https://www.dagstuhl.de/20481

November 22 – 27 , 2020, Dagstuhl Seminar 20481

Principles of Contract Languages

Organizers

Dilian Gurov (KTH Royal Institute of Technology – Kista, SE)
Reiner Hähnle (TU Darmstadt, DE)
Marieke Huisman (University of Twente – Enschede, NL)
Giles Reger (University of Manchester, GB)

For support, please contact

Simone Schilke for administrative matters

Michael Gerke for scientific matters

Documents

Dagstuhl Seminar Schedule (Upload here)

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Motivation

Formal, precise analysis of non-trivial software is a task that necessarily must be decomposed. The arguably most important composition principle in programming is the procedure (function, method, routine) call. For this reason it is natural to decompose the analysis of a program along its call structure. Decomposition in this context means to replace a procedure call with a declarative description, possibly an approximation, of the call's effect. In his seminal work on runtime verification in Eiffel, Bertrand Meyer suggested to use the metaphor of a contract between the user (caller) and implementor (callee) for such a description.

Contracts continue to be a central element in run-time (dynamic) analysis. In the last two decades they also became the dominant decomposition approach in deductive verification and are realized in all major software verification systems. More recently, software contracts are increasingly used in test case generation and model checking. Furthermore, programming languages such as "Racket" were designed with a notion of contract. Contract-based specification languages are available for mainstream programming languages, notably JML for "Java" and ACSL/ACSL++ for "C"/"C++".

However, there is considerable fragmentation concerning terminology, basic principles, expressivity, and usage of contracts in different research communities. Therefore, this Dagstuhl Seminar aims to convene researchers working with contracts in static verification, runtime verification, as well as testing, with the goal of creating a unified view on software contracts.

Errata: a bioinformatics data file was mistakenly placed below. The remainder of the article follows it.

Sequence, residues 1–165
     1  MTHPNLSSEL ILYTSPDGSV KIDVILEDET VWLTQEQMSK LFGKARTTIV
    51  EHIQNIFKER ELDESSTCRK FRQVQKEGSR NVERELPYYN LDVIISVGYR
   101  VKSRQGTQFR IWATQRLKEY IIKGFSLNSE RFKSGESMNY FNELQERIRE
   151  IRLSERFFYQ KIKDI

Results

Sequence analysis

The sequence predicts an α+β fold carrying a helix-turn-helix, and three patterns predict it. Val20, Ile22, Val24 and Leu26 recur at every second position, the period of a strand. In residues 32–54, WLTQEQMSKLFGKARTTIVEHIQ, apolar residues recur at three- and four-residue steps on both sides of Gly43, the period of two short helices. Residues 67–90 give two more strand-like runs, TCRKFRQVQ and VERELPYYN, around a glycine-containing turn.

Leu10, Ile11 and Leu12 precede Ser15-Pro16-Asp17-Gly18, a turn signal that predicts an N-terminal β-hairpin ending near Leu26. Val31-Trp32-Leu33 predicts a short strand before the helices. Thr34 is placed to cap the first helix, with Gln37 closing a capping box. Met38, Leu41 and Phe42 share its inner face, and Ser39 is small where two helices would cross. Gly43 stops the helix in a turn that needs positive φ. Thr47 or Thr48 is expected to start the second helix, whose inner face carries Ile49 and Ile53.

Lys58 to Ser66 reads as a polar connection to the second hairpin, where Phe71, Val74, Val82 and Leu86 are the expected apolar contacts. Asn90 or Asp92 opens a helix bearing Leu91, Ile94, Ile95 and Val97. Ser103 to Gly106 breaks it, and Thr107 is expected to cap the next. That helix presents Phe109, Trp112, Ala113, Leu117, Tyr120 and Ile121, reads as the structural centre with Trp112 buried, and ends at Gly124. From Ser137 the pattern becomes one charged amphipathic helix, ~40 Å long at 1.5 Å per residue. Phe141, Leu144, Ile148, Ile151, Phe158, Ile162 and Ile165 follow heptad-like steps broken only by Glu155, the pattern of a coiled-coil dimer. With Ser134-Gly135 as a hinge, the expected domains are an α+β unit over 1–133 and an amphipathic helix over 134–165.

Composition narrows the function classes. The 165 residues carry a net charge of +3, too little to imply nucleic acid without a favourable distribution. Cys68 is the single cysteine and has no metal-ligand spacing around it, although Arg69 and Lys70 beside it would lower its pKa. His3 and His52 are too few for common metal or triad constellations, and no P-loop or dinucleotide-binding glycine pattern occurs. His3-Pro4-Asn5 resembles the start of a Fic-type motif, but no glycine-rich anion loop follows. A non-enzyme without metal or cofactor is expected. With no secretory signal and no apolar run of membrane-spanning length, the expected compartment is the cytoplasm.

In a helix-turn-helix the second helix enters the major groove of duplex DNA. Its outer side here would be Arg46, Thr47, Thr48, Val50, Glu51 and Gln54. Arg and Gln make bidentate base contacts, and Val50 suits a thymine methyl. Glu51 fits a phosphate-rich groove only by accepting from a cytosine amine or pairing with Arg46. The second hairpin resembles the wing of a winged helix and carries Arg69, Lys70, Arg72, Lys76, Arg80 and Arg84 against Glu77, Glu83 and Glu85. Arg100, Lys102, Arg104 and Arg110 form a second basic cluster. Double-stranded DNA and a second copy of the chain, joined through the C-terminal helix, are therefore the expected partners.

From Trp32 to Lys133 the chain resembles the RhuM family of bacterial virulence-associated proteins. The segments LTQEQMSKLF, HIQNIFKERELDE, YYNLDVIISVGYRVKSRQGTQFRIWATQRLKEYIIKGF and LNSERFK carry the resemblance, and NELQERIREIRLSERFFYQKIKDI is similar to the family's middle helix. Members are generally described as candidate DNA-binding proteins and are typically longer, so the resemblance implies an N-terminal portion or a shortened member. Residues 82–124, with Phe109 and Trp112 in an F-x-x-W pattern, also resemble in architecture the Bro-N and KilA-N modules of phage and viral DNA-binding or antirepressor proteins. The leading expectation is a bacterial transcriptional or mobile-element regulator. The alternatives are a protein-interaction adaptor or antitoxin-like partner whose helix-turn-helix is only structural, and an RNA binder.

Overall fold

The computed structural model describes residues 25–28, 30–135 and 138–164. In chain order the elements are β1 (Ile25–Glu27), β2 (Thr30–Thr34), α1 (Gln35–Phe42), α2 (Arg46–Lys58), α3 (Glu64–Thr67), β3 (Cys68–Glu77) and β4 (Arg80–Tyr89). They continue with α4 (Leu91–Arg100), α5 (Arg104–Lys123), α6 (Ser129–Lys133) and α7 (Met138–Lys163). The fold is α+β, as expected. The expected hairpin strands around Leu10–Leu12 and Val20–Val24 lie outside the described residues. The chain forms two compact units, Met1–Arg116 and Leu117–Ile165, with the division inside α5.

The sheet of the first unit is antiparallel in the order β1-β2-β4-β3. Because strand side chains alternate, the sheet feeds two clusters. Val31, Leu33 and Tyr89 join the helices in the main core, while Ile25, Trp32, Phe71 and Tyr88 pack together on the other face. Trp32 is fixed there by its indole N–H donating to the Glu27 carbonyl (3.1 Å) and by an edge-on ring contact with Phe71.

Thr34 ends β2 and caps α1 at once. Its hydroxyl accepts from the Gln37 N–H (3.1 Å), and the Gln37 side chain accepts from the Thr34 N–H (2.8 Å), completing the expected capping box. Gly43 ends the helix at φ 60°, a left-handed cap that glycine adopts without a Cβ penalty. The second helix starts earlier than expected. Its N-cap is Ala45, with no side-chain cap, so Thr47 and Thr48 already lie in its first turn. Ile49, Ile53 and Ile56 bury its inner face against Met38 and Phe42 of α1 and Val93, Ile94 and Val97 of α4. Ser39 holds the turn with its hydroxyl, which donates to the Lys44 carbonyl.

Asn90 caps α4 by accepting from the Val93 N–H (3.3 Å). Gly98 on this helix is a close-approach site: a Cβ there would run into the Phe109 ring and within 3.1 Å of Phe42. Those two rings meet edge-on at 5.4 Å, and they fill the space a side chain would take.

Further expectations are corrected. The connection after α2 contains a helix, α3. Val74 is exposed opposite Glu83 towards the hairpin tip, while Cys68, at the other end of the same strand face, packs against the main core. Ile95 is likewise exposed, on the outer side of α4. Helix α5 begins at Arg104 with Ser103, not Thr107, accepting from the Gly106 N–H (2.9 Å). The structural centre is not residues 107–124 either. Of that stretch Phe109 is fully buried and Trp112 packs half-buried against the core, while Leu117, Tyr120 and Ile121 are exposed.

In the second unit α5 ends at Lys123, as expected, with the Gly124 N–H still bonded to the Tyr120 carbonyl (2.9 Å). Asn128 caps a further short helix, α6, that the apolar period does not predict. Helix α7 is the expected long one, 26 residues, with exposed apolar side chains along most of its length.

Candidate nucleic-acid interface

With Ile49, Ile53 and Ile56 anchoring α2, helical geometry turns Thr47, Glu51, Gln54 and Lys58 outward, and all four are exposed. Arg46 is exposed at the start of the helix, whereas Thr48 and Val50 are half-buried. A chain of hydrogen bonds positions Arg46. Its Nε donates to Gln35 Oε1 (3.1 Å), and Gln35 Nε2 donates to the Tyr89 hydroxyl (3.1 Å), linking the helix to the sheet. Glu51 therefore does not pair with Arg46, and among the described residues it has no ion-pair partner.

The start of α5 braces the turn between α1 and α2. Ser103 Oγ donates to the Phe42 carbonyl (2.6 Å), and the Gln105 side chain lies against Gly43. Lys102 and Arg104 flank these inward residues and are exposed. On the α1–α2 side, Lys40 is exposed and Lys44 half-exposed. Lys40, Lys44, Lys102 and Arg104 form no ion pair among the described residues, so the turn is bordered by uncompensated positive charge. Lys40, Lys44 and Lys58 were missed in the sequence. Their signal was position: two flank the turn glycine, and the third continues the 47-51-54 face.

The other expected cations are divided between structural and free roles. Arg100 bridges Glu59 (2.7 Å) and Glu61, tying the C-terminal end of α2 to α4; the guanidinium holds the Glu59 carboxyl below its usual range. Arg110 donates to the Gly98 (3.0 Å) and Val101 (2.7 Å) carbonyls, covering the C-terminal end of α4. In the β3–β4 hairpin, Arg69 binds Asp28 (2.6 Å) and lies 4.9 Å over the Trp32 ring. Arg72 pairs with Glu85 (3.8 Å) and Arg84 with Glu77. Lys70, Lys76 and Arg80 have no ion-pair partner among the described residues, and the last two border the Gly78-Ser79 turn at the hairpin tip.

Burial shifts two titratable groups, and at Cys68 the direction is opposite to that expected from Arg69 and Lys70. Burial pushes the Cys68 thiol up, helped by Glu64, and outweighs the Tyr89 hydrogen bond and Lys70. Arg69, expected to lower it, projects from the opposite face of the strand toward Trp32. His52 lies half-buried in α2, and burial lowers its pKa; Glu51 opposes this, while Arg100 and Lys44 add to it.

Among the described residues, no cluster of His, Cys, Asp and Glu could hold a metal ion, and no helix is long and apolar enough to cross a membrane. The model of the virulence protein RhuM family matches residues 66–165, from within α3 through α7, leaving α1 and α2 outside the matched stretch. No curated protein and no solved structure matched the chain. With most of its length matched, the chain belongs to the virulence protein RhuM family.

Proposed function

The seminar will address the following topics and questions:

  • What are the fundamental aspects of contracts for software development?
  • What format or structure should contracts have?
  • How expressive does a contract language need to be?
  • How do contract formats depend on their use cases?
  • How should contracts be composed and decomposed?
  • How can contracts be used for documentation, testing and verification?
  • How can a unified view on contracts help integrating static and dynamic techniques?
  • How can contracts support agile software development?
  • How should contracts be refined upon a failed verification attempt?

The format of the seminar will be as follows. Each day will be dedicated to a specific topic and will consist, in the morning, of one or two tutorials that make a general overview of the topic, followed by short technical talks. During the afternoon, we will have brief pitches from participants to spark off discussions in groups on important questions raised in the morning. The day will be wrapped up by a plenary discussion in which the groups will present a summary of their findings.

Motivation text license
  Creative Commons BY 3.0 DE
  Dilian Gurov, Reiner Hähnle, Marieke Huisman, and Giles Reger

Classification

  • Semantics / Formal Methods
  • Software Engineering
  • Verification / Logic

Keywords

  • Software contract
  • Software specification
  • Static verification
  • Run-time verification

Documentation

In the series Dagstuhl Reports each Dagstuhl Seminar and Dagstuhl Perspectives Workshop is documented. The seminar organizers, in cooperation with the collector, prepare a report that includes contributions from the participants' talks together with a summary of the seminar.

 

Download overview leaflet (PDF).

Publications

Furthermore, a comprehensive peer-reviewed collection of research papers can be published in the series Dagstuhl Follow-Ups.

Dagstuhl's Impact

Please inform us when a publication was published as a result from your seminar. These publications are listed in the category Dagstuhl's Impact and are presented on a special shelf on the ground floor of the library.